I’ve been self-employed for nearly 20 years and over those years have had time with both plan options.
First, I assume you have no employees, correct? If you do, they would almost always need to be included in the plan(s).
SEP’s are nice because they are easy to set up and cheap/easy to administrate. 401k’s do require a bit more work, but places like Vanguard can set up a solo-401k type plan for $0 (or at least they did when I set my plan up). You can pair the 401k with a profit sharing contribution, too.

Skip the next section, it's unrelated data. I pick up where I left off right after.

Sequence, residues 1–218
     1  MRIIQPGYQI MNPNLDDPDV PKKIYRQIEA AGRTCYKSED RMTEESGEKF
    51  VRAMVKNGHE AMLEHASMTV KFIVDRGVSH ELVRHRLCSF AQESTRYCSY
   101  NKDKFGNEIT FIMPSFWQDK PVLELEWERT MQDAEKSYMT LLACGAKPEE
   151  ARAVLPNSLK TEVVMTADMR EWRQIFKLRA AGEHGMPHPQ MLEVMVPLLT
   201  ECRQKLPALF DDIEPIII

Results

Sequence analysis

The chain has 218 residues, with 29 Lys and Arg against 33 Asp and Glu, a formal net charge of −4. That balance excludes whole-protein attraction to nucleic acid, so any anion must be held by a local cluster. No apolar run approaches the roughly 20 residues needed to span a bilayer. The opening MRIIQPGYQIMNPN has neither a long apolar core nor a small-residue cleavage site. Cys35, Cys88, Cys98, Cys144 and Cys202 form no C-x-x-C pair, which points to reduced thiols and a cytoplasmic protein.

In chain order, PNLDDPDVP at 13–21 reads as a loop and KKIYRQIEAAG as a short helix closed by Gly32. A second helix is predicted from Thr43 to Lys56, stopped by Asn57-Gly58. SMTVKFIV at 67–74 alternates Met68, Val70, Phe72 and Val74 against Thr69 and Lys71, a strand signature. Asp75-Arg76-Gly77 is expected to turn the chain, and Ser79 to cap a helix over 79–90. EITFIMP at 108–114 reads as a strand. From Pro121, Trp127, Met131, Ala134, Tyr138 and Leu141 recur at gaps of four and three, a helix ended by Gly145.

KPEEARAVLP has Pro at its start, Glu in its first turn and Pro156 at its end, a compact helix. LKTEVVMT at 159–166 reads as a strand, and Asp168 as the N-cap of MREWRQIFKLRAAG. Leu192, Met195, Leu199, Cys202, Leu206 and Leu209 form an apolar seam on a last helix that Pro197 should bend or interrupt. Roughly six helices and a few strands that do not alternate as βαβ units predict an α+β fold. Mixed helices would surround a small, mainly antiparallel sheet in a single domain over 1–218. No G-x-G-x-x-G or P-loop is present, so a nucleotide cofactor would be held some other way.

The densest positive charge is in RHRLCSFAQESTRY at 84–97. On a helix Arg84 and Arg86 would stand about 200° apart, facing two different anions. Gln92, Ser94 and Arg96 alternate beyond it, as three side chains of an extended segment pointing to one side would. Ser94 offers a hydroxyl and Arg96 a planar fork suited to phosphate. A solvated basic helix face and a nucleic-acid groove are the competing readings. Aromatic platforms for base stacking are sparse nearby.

Depending on your income, 401k’s often allow a bigger contribution. For example, if your company is an S-Corp and you pay yourself $50,000 on a W-2. A SEP is limited to 25% of the $50k, or $12,500. With a solo-401k, you could defer $18.5k or $24.5k depending on your age. Plus, the company could make a profit sharing contribution of 25% of the $50k, or $12,500. So the total contribution could be up to $31k (or $37k if 50 or over). The SEP and profit sharing contributions are discretionary, so they are not required each year (just in case the profitability is low one year).